That said, I am a bit ambivalent about it. For example, the beginning of the book is incredibly rushed, especially as compared to the rest of the book. Life is good, everything is going well, economic crisis, and in fifteen pages, suddenly they have no money and no jobs.

A little more setup would have been nice, if only to give us some insight into the characters. Myself, I found the wife truly obnoxious, largely due to the portrayal, and the husband a grievous, useless lout. Generally, the characters are thoroughly unlikable. Fortunately, many bad things happen to them. That kind of makes up for some of the aforementioned negativism.

The plot was a bit predictable, although it wrapped up a bit nicely for a novelization. If it is based on a real story, I'd suspect that the mule flipped, and is in WitSec somewhere in rural Pennsylvania or something. Again, I am ambivalent about it. It ended concisely and completely, with all of the loose ends tied up, albeit a bit deus ex machinacally.

I can't, in good conscience, tell everyone (or really almost anyone) that they should read this book. That said, I can't tell them that they shouldn't, either. It's a quick read, I polished it off in about six hours, but it isn't something I will probably ever read again. I wasn't very impressed, since the author won an O. Henry award.

Grade: C-

Harkius
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3 of 3 people found the following review helpful By TChris TOP 50 REVIEWER on November 7, 2011
Format: Paperback
James Lasseter and his soon-to-be-wife Kate are living the good life in Austin when Kate, newly pregnant, is fired from her job. The economy has gone south and James, a freelance writer, can't get an assignment. James and Kate move to a mountain in Northern California where they can stretch their meager savings while deciding what to do next. As Kate shares a joint with a friend from Austin who raves about its quality, James soon realizes that he can earn serious cash by selling NoCal weed in Austin and elsewhere. Thus begins James' career as a mule: a runner of drugs between California and Florida.

For a bright guy, James does some remarkably stupid things, like continually booking one way flights from Florida to California and renting cars for the return trip. He might as well have stamped DRUG MULE on his forehead. He also does a deal that screams "trouble." I suppose the moral is "Greed will make you do stupid things." True enough, but that tale has been told many times before, often more convincingly than D'Souza tells it here.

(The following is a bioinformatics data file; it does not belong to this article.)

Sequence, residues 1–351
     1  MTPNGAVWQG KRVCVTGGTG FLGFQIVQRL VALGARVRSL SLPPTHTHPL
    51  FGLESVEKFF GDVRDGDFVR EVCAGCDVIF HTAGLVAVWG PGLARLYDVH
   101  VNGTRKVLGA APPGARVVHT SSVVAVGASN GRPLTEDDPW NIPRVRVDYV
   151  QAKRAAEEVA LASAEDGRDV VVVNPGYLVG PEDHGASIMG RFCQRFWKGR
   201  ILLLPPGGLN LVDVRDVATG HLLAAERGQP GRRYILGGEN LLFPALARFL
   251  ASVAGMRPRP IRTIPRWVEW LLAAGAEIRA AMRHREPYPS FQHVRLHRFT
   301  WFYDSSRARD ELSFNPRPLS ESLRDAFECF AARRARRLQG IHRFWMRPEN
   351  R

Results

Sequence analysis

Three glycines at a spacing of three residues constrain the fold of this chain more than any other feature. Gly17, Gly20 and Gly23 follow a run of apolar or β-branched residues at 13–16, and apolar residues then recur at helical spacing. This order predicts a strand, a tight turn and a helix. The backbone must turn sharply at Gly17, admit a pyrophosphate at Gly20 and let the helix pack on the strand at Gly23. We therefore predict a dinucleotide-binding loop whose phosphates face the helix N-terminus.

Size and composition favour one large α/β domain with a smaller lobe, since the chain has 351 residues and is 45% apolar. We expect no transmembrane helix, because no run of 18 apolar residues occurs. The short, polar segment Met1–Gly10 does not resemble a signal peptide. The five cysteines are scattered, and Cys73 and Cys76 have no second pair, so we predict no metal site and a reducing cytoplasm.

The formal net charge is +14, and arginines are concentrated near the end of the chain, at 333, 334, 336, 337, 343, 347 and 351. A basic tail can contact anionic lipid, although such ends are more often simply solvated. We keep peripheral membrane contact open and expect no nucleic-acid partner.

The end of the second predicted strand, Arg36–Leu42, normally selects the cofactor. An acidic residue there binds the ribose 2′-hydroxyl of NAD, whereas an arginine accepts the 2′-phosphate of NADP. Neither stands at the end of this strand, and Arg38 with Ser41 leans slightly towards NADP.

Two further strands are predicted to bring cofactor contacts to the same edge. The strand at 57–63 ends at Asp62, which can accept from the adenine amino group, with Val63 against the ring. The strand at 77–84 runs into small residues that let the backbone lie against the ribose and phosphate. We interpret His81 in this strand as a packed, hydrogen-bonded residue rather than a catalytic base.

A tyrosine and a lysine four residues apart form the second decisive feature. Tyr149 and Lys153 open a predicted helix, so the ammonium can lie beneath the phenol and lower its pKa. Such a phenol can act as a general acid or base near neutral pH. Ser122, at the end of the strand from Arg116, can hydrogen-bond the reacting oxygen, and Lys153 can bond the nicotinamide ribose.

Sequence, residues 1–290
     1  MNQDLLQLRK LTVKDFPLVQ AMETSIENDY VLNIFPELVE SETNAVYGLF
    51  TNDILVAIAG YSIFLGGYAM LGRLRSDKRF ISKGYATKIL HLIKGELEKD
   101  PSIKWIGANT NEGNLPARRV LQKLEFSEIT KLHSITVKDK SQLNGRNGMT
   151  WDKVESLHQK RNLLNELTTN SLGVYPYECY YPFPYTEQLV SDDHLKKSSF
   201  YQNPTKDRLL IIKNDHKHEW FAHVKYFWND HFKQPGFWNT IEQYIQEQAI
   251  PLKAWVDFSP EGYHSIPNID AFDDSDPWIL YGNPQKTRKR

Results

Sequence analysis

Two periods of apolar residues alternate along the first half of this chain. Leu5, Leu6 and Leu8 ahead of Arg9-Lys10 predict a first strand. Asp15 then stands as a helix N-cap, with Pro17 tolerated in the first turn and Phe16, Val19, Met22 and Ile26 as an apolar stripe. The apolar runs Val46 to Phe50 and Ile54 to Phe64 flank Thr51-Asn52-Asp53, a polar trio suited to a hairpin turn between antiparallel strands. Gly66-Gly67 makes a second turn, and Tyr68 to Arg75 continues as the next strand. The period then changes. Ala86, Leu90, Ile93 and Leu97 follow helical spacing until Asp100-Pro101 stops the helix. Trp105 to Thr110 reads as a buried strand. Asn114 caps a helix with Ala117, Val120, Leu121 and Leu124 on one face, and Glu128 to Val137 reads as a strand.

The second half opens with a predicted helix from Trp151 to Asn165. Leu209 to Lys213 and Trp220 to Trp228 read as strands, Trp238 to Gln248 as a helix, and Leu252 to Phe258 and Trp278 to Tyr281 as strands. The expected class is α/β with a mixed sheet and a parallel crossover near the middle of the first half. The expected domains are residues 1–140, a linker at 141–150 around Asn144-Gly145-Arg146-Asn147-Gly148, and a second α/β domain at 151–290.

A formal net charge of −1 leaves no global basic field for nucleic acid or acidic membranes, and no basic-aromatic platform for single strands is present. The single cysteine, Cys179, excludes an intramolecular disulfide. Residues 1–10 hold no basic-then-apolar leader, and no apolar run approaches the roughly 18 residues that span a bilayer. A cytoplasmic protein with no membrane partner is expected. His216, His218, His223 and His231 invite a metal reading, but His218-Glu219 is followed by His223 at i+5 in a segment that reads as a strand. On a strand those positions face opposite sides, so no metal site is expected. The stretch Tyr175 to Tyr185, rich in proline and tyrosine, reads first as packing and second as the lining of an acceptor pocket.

Had this been a true story, a memoir of a life of crime, I would probably have found it more interesting. As a work of fiction, it lacks pizzazz. Tony D'Souza's writing style is bland and part one of the story he tells is surprisingly dull. James speaks of feeling both nervous and elated while driving drugs cross-country, but D'Souza failed to make me feel James' emotions (to his credit, that changed in part two). When a fairly predictable moment of drama finally arrives (about midway through the novel, toward the end of part one), the dramatic boost it gives to the story is too little, too late.
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5 of 6 people found the following review helpful By 35-year Technology Consumer TOP 500 REVIEWER on September 3, 2011
Format: Paperback Vine Customer Review of Free Product ( What's this? )
As I settled into this book, I was first taken back to the early 1970's, when Michael Crighton and his brother Douglas wrote Dealing (under the "Michael Douglas" pseudonym), a book that approached pot trading from an primarily farcical --and mostly non-threatening-- point of view. "Mules", by Tony D'Souza, begins that way, but soon moves to darker themes, as it explores issues of avarice, economic opportunity in America and the endless capacity of its characters to make profoundly bad choices.

At the center of the story are James and Kate. In their mid twenties, they meet in Austin and both are prosperous as the book opens in 2006. James has a rising career as a freelance writer, Kate is doing well in high-end store's retail management position. D'Souza rapidly sets the exposition for all that will follow: the begining of the recession takes Kate's job...just as they discover she is pregnant). The darkening economy and concurrent changes in the world of publishing rapidly deflate his opportunities. In short order they are living on her unemployment and have retreated to a rented wilderness cabin in Kate's childhood California home near the Oregon border. This places them in the orbits of both her alcoholic parents and a childhood friend deeply entrenched in the region's abundant pot growing industry. After their daughter is born, they make another geographic escape escape to Florida, where James' mom is passing her days as a retired teacher underwater in her house. This sets the scene that will shape the coming months of their lives.